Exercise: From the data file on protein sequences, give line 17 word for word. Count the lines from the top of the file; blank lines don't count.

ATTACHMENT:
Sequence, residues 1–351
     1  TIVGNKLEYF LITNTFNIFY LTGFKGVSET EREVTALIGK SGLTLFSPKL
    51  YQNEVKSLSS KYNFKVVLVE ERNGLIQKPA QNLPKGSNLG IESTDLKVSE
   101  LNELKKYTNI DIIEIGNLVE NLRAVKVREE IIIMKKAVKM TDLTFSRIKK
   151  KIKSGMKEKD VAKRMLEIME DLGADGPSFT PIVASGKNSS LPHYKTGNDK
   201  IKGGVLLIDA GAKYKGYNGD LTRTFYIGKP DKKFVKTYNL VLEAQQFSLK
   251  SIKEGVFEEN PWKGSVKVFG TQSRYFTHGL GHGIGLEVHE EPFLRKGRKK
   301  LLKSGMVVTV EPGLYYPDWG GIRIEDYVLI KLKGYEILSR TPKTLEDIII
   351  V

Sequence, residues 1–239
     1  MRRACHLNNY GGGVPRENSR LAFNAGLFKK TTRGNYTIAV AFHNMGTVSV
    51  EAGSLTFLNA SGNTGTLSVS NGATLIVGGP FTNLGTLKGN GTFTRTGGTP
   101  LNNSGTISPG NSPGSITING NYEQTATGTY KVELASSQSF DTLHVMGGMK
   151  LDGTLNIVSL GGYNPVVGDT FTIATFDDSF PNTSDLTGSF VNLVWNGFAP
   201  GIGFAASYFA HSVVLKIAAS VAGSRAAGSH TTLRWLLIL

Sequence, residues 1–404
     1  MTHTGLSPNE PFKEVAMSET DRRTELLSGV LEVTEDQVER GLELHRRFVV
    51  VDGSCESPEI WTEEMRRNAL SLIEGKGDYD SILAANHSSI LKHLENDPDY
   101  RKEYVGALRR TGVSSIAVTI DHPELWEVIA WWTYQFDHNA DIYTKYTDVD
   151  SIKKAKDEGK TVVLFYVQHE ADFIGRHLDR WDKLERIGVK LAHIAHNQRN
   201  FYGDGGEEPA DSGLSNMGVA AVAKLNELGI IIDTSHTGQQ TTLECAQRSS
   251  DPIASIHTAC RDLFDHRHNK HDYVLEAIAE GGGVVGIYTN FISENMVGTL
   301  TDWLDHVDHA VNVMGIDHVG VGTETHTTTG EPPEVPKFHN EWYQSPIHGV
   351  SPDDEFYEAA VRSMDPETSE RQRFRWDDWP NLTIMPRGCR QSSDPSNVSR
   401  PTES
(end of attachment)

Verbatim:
     1  MTHTGLSPNE PFKEVAMSET DRRTELLSGV LEVTEDQVER GLELHRRFVV